It was obvious that a force of 500 active duty officers was inadequate to control of 100,000. And I think the resource shortfall was reasonably knowable in advance--both Vancouver city council and the provincial government should have known that.



Basically, there are 3 options for future events like this one:

1) The City of Vancouver taxpayer pay can in advance to beef up the police force (RCMP will add officers, but then present VPD the bill)

2) Other GVRD munipalities should chip in in advance (after all, a
lot of the revellers are probably white trash from Burnaby, North Delta, and Surrey)

3) The province should at least provide matching funds for security,
since the party was for the whole province.



Another personal observation, based upon my experience of the 1994 riot. I had watched the game at my firend's apartment in the West End, and on my way home experienced the first Stanley Cup riot first hand. The VPD Riot squad marched past me and I could see the look of apprehension etched on their faces, as they did not know what to expect. Once the violence mounted to the point that it started to get scary, I started toward the Granville st. SKytrain station to head back to my brother's house in North Delta. On the subway, I found myself sitting with a group of recently pepper-sprayed rioters. Their heads were shaven, they were dressed in combat fatigues, and they were discussing the evening's battles.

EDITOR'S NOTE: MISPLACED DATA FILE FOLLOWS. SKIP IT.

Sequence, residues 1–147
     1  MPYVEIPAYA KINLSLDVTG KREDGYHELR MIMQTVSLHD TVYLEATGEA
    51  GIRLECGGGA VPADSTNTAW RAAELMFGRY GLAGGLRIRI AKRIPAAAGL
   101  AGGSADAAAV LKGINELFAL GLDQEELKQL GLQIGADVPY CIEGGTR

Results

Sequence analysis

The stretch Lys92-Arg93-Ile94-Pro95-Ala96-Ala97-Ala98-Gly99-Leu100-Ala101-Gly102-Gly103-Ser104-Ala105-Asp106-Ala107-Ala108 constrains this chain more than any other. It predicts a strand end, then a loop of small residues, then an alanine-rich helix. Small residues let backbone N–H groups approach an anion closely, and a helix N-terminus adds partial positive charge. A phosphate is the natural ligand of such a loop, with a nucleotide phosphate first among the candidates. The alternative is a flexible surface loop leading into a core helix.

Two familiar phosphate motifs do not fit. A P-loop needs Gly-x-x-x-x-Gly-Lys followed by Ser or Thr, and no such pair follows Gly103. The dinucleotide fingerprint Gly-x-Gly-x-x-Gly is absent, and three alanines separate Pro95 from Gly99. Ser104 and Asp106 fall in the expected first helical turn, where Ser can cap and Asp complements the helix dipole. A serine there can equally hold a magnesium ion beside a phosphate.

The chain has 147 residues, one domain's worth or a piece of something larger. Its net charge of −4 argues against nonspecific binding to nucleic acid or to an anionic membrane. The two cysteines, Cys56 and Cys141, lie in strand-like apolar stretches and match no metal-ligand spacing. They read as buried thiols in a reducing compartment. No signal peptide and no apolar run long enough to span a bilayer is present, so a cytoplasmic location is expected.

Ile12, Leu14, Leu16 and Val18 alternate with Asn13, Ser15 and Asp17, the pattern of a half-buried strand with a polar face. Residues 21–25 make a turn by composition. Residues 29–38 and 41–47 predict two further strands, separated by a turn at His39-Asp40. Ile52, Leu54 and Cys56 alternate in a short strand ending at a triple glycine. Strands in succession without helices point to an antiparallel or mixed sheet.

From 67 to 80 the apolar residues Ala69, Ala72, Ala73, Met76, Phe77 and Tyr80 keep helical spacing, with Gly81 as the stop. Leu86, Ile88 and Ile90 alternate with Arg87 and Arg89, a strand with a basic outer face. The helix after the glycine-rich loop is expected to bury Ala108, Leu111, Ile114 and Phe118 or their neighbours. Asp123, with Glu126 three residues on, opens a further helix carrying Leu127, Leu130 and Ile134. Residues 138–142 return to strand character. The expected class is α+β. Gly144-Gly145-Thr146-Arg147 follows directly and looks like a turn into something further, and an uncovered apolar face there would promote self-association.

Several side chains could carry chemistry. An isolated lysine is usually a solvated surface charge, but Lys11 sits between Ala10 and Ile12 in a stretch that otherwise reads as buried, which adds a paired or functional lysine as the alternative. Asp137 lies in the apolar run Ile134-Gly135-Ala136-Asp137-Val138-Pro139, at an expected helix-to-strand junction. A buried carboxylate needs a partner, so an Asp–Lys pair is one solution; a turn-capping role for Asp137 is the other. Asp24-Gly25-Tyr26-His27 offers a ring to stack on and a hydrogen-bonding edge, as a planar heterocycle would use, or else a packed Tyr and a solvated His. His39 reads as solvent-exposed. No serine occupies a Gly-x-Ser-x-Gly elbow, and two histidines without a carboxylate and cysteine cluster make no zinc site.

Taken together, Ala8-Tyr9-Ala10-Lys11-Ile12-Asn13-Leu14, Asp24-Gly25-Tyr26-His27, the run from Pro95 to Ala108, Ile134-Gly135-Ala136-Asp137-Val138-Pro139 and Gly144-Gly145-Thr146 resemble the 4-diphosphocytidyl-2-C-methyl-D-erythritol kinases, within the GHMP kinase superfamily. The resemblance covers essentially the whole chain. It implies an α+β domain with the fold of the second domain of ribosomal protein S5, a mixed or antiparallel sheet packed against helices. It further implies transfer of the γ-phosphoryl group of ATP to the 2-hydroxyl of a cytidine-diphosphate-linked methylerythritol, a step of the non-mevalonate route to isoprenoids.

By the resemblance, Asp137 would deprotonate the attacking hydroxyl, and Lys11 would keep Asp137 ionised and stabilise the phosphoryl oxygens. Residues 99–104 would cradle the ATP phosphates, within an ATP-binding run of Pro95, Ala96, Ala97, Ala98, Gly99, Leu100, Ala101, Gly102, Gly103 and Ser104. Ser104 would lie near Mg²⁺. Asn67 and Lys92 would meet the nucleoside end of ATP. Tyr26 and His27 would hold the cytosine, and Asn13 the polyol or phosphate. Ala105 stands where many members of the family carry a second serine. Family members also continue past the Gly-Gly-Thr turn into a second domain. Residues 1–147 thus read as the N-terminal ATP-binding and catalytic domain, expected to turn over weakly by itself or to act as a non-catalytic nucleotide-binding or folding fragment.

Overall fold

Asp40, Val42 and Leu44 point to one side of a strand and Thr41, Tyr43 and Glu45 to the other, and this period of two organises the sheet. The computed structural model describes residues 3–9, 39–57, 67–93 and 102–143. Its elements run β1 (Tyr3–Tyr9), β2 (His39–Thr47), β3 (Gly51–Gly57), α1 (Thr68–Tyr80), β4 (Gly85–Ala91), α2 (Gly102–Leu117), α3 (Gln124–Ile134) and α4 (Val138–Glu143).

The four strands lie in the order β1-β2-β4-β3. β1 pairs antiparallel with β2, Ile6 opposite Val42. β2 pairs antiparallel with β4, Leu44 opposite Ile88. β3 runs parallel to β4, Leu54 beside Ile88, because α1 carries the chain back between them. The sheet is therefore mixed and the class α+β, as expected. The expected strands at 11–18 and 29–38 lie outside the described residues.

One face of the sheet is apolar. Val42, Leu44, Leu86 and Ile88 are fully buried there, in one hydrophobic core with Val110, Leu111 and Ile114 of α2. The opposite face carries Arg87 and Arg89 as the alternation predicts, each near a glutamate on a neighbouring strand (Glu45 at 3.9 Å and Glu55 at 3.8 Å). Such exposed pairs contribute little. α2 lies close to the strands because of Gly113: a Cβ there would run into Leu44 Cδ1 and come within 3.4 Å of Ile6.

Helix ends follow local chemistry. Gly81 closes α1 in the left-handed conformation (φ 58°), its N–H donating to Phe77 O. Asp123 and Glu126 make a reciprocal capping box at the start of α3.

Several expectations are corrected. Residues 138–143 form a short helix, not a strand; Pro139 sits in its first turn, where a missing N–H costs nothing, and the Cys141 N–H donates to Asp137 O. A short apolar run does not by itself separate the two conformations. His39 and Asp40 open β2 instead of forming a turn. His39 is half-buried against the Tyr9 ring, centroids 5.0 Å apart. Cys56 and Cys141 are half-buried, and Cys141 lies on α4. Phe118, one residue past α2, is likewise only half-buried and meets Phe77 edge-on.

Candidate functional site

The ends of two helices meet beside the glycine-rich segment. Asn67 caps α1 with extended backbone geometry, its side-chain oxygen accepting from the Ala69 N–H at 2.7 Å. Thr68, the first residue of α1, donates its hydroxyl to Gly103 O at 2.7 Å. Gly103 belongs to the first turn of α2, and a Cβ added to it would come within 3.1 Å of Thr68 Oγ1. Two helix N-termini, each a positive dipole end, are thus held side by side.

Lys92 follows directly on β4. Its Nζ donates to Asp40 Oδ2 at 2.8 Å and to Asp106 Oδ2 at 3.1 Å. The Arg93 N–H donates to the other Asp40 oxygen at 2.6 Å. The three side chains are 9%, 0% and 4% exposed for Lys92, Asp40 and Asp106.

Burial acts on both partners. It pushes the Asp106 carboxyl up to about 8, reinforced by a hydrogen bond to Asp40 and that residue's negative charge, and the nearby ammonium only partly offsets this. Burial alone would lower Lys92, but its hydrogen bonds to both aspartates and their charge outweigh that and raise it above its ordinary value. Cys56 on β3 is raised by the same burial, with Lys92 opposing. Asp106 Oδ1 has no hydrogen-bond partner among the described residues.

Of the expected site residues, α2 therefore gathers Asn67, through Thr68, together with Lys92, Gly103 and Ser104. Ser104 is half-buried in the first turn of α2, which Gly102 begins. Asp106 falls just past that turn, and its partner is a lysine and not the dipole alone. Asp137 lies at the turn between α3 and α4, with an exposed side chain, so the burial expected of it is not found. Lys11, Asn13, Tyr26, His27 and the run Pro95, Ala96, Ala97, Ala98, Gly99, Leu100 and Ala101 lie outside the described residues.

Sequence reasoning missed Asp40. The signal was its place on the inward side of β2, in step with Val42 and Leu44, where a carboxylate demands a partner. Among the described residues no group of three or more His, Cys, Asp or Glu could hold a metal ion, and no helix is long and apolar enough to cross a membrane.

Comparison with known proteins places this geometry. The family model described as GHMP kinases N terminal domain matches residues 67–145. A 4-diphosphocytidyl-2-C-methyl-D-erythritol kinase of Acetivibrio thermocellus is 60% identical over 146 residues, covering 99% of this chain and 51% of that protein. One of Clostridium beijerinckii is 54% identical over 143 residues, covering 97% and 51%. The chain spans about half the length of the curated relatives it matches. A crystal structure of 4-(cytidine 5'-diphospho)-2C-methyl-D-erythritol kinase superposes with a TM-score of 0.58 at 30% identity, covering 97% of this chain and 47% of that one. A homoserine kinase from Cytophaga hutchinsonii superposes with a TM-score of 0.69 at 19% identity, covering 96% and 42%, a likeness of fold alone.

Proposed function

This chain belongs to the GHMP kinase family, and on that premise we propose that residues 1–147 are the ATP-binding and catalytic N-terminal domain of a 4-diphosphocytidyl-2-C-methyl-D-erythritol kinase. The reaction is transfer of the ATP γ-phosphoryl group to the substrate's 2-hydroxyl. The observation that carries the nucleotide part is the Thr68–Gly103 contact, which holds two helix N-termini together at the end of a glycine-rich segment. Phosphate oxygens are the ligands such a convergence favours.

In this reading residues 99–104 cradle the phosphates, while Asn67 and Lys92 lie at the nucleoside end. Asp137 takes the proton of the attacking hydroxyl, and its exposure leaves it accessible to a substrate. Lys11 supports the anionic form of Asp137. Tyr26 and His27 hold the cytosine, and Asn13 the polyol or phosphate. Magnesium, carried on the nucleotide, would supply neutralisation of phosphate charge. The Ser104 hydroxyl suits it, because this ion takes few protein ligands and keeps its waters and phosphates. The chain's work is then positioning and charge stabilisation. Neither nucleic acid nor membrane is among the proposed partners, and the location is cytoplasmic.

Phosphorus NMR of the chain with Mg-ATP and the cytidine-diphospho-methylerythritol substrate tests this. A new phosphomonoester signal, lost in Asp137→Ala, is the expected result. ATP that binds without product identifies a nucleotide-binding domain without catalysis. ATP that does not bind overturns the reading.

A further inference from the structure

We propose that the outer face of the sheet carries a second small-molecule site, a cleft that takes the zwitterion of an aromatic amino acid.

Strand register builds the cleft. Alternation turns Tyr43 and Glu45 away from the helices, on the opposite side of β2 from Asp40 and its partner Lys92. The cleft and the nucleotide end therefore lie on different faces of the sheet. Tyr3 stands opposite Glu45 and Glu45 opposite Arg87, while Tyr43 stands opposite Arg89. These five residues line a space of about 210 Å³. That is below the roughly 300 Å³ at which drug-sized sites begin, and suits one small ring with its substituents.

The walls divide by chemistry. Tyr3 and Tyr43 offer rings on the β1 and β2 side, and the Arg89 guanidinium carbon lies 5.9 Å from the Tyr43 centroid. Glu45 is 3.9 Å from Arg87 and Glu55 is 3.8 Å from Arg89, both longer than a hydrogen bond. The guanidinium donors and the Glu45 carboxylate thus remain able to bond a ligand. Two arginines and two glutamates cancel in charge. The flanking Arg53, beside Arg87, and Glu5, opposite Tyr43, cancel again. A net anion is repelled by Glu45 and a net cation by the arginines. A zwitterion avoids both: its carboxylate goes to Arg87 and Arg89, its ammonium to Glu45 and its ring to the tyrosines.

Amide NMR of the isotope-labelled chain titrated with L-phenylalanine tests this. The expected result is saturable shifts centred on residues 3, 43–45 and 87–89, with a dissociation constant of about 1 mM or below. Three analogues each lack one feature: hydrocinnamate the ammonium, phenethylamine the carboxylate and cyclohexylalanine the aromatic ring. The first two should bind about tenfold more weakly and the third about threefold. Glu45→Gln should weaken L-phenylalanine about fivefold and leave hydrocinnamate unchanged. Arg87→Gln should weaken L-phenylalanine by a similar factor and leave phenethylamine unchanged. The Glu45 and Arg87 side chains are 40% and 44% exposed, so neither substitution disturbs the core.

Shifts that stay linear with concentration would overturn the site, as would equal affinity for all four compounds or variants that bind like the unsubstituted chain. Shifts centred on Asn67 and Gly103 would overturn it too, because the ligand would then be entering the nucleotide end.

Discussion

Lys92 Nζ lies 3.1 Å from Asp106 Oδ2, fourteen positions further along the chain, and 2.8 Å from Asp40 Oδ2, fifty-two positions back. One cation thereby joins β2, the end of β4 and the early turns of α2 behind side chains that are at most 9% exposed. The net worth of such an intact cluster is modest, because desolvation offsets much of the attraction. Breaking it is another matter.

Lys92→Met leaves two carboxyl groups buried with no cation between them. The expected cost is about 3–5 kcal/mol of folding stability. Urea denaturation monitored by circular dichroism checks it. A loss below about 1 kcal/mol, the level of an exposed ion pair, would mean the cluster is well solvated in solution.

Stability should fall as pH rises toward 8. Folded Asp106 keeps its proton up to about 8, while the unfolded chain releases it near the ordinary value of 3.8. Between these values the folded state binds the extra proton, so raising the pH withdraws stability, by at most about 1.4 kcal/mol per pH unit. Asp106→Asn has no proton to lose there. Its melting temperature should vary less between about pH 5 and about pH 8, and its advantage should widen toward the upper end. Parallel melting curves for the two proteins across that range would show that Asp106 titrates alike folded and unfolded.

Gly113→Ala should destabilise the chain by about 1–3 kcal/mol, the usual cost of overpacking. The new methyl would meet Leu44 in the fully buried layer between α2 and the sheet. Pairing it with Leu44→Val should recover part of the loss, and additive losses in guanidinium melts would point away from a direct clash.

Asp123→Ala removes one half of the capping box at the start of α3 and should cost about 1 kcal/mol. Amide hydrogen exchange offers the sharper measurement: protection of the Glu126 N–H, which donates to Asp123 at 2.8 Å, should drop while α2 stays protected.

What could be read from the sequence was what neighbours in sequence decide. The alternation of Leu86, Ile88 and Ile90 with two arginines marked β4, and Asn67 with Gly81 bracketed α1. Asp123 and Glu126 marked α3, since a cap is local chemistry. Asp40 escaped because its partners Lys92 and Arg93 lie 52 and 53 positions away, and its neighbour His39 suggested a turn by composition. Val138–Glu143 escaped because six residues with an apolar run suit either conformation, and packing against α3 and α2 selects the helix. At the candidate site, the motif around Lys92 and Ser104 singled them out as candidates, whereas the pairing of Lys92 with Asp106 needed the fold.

Not one of them even said a word about the hockey game.

Tuesday, May 03, 2011

The Triumph of Politics

Now that the unholy trifecta of Clark' premiership, Dix's leadership and the Harper Majority has come to pass, what do we have to look forward to?

What is scary is that the Conservative majority has ALREADY moved the goalposts of Canadian politics. The best example of this in B.C. was CBC's election wrap on TV last night (May 2). There was NDP President Moe Sihota, with undisguised acceptance and at least semi-admiration, pointing out the remarkable framing of Ignatieff and the tremendous effectiveness of hitherto unprecedented "between election" attack ads.